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Jason Reitman, Jay Carson and Matt Bai on Adapting Gary Hart's Scandal into The Front Runner

Directed by Jason Reitman (also of “Tully” this year), “The Front Runner” is pitched at the blurred line between tabloid and legitimate news. While this intersection might seem more relevant today than it’s ever been (with an entertainment personality leading the country at The White House), the true story told in “The Front Runner” is in fact 30 years old. Reitman’s latest, which world premiered at the Telluride Film Festival on Labor Day weekend and screened at the Toronto International Film Festival over the last week, is about the Colorado Senator Gary Hart, the presumed frontrunner to win the Democratic nomination in 1988. But over just a few critical days of his campaign, a sex scandal—an extramarital affair between Hart and Donna Rice—was surfaced by the press, which not only derailed Hart’s political campaign and his presidential bid, but also his entire political career to a large degree.

Adapted from journalist and screenwriter Matt Bai’s book “All the Truth is Out” by Reitman, Bai and long-time political strategist and advisor Jay Carson, The Front Runner” immerses the viewer into a fast moving world of shifting perspectives where no one has good options to choose from in order to protect public interest: not the press nor the campaign crew. Exploring a defining time in American politics, “The Front Runner” asks difficult questions around personal decency, political accountability and the sensitive role of press in the process, leaving it to the audience to mine their own answers from a sprawling, dialogue-heavy structure.

We sat down with Bai, Carson and Reitman recently in Toronto to unpack the film’s thematic significance in detail. 

“The Front Runner” comes at a peculiar time politically, since it investigates the first time a policy maker’s private life was treated like tabloid news. The connection between 1988 and today is hard to ignore, given we now have a celebrity-like TV personality as President who might have benefited from that forever-blurred line between entertainment and politics.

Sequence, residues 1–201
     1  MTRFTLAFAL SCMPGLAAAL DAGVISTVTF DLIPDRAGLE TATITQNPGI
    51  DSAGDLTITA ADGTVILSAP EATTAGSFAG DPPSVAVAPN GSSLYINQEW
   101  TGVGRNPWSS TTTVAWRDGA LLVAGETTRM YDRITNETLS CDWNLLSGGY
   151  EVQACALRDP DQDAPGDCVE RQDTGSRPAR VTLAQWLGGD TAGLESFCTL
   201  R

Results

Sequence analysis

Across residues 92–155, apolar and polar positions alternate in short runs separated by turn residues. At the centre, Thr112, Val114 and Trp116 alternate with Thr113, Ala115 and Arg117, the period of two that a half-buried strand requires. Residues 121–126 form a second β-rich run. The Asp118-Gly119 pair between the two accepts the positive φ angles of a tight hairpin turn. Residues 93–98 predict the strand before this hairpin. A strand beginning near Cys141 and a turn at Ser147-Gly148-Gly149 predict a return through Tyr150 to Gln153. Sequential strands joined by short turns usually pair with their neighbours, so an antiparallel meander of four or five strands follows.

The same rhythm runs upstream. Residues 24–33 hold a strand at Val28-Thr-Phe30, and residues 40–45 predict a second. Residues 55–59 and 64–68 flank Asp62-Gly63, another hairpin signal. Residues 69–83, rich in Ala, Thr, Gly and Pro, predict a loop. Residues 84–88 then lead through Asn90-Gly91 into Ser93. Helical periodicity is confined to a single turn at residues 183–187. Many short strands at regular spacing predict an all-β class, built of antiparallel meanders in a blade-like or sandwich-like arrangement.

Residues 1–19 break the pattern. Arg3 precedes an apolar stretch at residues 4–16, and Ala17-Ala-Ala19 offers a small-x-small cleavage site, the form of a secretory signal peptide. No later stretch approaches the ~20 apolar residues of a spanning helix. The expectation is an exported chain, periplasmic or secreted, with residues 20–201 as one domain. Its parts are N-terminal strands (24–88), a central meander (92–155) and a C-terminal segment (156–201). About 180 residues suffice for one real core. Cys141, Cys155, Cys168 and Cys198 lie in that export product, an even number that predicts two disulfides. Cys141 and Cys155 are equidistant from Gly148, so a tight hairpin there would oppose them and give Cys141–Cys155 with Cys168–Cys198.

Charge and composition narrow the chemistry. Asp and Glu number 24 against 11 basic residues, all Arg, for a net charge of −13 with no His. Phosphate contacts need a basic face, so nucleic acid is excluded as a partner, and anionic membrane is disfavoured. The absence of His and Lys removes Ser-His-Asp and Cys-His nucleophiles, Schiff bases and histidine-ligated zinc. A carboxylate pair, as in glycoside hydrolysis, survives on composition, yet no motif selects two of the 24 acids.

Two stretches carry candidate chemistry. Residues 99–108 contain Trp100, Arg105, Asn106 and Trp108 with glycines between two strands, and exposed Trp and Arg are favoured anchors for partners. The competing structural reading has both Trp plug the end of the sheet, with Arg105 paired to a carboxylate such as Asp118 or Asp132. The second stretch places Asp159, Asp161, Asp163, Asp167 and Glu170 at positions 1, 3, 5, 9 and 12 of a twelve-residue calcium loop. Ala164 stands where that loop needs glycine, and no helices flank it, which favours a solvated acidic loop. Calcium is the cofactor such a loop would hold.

JASON REITMAN: It’s kind of impossible not to think about those [relevancies].

MATT BAI: You know ironically we pretty much had the script as it is before this president was elected. We knew it was relevant in the process but I think you put your finger on it really eloquently—what that moment represents in 1987 is this collision of entertainment and politics and celebrity and the idea that after that moment politicians will be treated more as celebrities and less as policy makers. And certainly the process that created has something to do with where we are right now. I know we considered the story was relevant and wrote it before that happened.

JR: And it's a very tough time to talk about politics in 2018. It tends to either be an echo chamber or this shrill argument in which people tear each other apart on Twitter. And there's something about going back 30 years that offers this prism through which you can actually have a conversation and observe a story not from one point of view, but a dozen points of view. To look at a room at The Washington Post where you have five different people: young, old, male, female, newcomers, veterans, trying to figure out what the right thing to do is, and what is relevant and important. I feel like that's the question that we're all kind of asking ourselves right now. We have a sense that the system is broken, we certainly have a sense that we elected a very flawed human being in the presidency. And it raises all these questions about why is the system not working. And further down the chain comes these questions of what is important. Yes, we are looking at a potential president at the center of it, but more so we're looking at all the people around simultaneously. The reporters, and the people on the campaign team.